The audiobook is also out, and it is fabulous. I can hardly believe how perfectly Live Oak Media has realized the story that I had in my head. The voices are exactly right, and it’s a joy to hear these characters I’ve spent so much time with just as I imagined them.


The audio adaptation got a great review audiofile-logoin AudioFile Magazine. The issue isn’t published yet, so I can’t link to it, but I can give you a little taste:

A full cast works together seamlessly in this charming magical adventure….Scenes in the bakery are rendered with as much attention to detail as those on the high seas or in the mage’s castle–beware of listening while hungry.

And…it’s the winner of an AudioFile Earphones Award!

If you wantlive-oak to listen — and hear me at the end, reading the recipe for Bouts Buns (no easy task, see this post) — you can order the audiobook from Live Oak Media here


The View from the Sound Booth

Baker’s Magic is going to be available as an audiobook! And the company that’s doing the img_4366audio version is the wonderful Live Oak Media, run by my dear friends Debra and Arnie Cardillo. Live Oak is an award-winning company; its recordings have won 3 Odyssey Awards, 5 Audie Awards, and 2 Grammys.

Live Oak decided to record Baker’s Magic with a whole cast of voices, and they were kind enough to invite me to be a part of the experience. My job was to read the recipe for Bouts Buns at the end. Hard to screw up reading a recipe, right?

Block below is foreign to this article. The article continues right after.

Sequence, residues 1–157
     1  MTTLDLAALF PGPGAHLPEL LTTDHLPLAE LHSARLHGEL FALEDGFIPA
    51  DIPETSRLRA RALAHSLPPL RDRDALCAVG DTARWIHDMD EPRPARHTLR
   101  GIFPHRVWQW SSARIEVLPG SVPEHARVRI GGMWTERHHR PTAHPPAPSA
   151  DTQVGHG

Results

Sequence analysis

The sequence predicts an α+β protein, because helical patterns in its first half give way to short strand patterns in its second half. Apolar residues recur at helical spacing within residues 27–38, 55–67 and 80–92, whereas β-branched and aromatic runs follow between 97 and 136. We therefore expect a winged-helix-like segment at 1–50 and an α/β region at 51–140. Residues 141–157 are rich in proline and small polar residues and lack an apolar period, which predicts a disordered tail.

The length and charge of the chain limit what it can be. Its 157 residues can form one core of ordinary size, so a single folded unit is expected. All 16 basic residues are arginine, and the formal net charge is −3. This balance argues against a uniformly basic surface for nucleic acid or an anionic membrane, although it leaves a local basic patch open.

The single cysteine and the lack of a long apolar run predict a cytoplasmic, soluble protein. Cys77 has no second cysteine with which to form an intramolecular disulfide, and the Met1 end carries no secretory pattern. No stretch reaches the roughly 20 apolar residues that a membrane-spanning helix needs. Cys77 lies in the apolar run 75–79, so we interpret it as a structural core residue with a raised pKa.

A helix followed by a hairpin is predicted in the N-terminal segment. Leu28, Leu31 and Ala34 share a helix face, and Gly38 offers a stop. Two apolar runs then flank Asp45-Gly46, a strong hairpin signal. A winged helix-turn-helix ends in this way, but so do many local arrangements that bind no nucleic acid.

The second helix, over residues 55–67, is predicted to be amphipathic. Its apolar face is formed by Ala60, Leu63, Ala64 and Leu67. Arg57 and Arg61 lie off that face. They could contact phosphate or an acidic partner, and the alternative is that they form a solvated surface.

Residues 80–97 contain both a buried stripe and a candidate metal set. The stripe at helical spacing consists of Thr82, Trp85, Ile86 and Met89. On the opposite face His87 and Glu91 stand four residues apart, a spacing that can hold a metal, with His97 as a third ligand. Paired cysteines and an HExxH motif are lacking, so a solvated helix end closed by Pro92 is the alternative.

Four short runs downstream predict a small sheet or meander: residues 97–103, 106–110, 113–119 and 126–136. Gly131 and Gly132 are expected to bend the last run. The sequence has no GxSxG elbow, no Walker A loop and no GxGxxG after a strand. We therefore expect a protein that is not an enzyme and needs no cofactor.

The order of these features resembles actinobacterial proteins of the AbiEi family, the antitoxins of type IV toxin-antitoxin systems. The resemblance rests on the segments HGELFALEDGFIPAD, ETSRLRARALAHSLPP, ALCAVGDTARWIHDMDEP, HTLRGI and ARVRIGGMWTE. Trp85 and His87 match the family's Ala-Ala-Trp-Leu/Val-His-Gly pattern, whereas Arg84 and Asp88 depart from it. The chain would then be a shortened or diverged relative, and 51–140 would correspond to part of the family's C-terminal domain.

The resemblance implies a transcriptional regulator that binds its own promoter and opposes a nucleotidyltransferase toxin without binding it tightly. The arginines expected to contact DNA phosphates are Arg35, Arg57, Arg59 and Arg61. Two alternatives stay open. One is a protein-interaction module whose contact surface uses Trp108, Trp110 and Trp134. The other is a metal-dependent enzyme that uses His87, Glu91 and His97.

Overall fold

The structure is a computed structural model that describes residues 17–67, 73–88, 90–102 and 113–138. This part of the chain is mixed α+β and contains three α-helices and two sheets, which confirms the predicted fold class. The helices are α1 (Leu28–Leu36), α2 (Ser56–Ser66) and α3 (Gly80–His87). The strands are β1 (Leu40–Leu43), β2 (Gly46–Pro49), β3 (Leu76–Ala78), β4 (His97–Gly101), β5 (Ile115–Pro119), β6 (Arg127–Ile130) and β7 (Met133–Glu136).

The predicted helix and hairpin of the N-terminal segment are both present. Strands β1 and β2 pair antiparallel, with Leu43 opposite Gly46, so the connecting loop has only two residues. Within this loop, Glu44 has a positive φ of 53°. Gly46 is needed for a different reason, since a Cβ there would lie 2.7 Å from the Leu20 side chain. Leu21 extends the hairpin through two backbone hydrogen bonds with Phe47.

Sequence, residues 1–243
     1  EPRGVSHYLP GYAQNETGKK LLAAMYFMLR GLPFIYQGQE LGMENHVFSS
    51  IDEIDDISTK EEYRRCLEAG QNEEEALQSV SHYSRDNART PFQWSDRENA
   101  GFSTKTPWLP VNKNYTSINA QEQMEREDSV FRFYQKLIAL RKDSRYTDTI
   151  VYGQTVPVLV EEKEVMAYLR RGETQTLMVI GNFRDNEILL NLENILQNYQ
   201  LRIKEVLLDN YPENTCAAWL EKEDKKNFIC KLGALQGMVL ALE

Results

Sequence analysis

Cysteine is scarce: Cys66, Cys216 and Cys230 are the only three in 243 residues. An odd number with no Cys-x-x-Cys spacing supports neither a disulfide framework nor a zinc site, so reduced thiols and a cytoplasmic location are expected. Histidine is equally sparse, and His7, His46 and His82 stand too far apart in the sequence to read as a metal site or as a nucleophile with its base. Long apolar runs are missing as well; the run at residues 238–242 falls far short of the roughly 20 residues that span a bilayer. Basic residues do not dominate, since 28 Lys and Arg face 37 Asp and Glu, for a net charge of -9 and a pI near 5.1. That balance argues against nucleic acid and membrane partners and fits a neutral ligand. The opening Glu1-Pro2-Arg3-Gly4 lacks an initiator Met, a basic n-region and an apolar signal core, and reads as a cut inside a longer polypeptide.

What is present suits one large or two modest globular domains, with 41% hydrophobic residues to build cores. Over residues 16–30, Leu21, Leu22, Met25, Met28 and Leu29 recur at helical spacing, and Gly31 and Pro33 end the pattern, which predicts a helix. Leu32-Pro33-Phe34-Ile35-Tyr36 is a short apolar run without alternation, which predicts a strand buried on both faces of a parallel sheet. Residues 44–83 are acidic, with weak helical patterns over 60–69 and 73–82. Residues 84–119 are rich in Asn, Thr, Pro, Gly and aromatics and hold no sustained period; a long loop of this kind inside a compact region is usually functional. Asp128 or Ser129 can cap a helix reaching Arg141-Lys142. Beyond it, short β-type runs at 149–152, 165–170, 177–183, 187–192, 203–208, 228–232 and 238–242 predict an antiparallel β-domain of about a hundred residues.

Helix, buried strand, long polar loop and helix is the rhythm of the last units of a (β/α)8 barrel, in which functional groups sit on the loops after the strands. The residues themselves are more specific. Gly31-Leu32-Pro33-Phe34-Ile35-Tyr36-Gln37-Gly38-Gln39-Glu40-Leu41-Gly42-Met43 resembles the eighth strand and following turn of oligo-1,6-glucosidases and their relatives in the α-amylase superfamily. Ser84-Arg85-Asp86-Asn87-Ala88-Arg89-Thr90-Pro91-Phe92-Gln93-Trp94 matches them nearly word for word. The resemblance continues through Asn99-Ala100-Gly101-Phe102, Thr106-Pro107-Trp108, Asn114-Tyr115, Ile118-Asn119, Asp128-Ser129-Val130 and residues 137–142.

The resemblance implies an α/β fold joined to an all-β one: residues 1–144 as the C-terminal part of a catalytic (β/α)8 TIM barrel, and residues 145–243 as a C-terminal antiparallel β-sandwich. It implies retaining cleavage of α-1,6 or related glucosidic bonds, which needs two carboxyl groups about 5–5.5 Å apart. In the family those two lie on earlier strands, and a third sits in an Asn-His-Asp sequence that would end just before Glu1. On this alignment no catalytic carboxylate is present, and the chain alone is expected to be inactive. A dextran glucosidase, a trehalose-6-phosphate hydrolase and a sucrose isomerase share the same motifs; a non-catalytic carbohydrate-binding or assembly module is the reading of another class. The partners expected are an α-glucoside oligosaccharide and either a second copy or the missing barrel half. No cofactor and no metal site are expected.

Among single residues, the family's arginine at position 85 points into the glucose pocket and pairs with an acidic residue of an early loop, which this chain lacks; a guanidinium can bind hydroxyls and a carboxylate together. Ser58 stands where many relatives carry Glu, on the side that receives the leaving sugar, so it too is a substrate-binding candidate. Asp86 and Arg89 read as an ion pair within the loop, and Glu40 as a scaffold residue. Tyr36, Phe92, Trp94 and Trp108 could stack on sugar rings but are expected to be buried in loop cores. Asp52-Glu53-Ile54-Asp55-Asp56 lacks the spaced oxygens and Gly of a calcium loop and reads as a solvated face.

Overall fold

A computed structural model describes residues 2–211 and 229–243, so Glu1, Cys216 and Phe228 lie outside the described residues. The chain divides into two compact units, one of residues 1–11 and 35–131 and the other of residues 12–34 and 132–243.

img_4346I got to the recording studio while Stephen DeRosa was reading in the sound booth. You may know him from his turn as Eddie Cantor on Boardwalk Empire. I’m a huge fan of the show — I watched every episode, even the ones where I had to cover my eyes to block out the excessive violence. And Stephen DeRosa was amazing, both on the show and as my villain, the evil Master Joris. In fact, he was so convincingly menacing that we werimg_4358_editede a little unnerved — until he also read the hilariously ancient, doddering Master Nicon and had us snorting with laughter as we tried to be quiet in the studio. Somehow, he performed his own magic to bring my words to life, using his voice to make my characters far scarier, more comical, more melancholy than they are on the page. It was a remarkable performance.

Then it was my turn. The sound booth is an unsettling place — just me, a microphone, and